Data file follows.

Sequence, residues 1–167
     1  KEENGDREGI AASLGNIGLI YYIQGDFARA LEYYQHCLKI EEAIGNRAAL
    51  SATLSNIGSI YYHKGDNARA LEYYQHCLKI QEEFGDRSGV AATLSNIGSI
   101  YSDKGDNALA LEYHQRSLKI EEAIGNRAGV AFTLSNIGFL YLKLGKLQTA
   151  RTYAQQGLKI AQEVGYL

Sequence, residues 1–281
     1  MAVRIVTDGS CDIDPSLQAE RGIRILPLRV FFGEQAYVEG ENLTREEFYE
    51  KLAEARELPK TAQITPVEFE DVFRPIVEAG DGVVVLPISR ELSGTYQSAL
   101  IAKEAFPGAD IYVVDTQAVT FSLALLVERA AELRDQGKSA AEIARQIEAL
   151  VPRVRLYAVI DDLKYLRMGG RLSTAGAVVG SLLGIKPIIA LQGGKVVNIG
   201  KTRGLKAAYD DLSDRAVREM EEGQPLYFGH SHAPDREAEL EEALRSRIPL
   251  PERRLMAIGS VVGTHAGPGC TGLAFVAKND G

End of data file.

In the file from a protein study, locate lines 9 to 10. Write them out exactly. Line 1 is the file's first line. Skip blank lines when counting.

   101  IAKEAFPGAD IYVVDTQAVT FSLALLVERA AELRDQGKSA AEIARQIEAL
   151  VPRVRLYAVI DDLKYLRMGG RLSTAGAVVG SLLGIKPIIA LQGGKVVNIG